Hello, retro! I’m hoping some of you recognize this album, too! Brass player Herb Alpert released it in 1968, and I listened to it the old-fashioned way when I was a kid–vinyl on a good, old-fashioned turn table! (Is there any better way to get sound?!) The upbeat brass band music on this album will have you dancing in your kitchen all day while the pies and cookies are in the oven.

My favorite track? Definitely “The Bell That Couldn’t Jingle.”

Stream or Buy Now!

Dickens Christmas

by Ed Sweeney

Dickens Christmas by Ed Sweeney

I promise you’ve never heard of this one! But if you like really old-fashioned acoustic instrumentals, this is definitely the album for you. We’re talking banjos, hammered dulcimer, bones, and even a hand bell choir! I’ve done a lot of historical re-enacting in the past, and this album really puts me back in the 19th century.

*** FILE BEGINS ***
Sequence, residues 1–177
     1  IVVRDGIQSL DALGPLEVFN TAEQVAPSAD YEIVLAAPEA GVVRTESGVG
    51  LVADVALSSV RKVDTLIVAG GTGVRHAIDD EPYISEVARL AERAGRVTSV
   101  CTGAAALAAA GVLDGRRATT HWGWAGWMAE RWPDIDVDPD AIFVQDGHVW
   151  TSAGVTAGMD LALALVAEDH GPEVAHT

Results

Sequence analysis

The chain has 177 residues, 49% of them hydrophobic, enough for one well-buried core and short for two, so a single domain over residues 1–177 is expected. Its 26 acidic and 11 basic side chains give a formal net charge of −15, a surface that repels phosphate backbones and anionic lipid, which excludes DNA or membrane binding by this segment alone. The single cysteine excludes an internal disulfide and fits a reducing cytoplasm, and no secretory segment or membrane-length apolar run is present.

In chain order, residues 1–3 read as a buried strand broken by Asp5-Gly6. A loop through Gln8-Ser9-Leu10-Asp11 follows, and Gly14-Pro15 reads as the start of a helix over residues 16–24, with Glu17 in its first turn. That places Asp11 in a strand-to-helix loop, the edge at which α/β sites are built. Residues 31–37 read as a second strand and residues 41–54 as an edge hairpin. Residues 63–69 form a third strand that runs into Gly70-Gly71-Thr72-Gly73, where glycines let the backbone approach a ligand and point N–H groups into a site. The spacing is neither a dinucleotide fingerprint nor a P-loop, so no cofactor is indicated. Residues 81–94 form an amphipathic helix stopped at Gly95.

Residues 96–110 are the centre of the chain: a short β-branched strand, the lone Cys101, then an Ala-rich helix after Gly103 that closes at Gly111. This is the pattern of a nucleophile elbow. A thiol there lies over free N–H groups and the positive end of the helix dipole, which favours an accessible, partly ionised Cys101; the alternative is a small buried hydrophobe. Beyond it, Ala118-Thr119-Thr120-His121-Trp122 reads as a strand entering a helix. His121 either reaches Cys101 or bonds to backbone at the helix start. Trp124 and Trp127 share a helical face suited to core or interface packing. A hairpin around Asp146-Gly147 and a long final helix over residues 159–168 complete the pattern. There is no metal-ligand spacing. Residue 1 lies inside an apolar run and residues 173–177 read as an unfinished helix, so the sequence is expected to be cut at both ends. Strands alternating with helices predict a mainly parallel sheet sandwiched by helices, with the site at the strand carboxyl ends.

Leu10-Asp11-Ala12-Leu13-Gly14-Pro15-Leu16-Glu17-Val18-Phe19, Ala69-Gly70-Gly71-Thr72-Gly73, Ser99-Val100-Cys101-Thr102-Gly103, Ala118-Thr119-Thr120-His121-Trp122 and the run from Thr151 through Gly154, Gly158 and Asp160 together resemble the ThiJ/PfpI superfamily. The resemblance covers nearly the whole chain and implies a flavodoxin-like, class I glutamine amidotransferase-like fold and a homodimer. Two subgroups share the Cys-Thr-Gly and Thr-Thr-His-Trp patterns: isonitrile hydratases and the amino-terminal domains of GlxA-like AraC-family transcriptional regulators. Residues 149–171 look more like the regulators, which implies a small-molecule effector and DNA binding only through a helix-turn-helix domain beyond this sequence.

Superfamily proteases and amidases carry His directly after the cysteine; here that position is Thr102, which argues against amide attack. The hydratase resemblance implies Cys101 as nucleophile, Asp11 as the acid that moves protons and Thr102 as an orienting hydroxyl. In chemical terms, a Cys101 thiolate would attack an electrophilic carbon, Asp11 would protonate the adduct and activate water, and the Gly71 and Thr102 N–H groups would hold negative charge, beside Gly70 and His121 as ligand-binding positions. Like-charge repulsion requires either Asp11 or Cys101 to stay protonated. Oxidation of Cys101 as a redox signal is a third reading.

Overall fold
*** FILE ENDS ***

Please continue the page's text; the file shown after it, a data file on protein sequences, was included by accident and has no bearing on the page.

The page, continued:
My favorite track? Another hard choice! But I’m going to go with “Good King Wenceslas.”

Stream or Buy Now!


The Bells of Dublin

by The Chieftains

The Bells of Dublin by The Chieftains

You fans of Irish music–you’ll know what band I’m talking about! The Chieftains are probably the most famous (and almost certainly the longest-running) Irish band ever. They’ve been active since 1962! This album was released in 1991 and contains some of the most ancient and unheard-of holiday music I know, including many traditional pieces with forgotten origins. This album is boisterous and full of Celtic spirit. It’s also a little hard to get ahold of these days! Amazon streaming isn’t an option, and as I write this, Amazon advises that the CD usually ships within one to two months.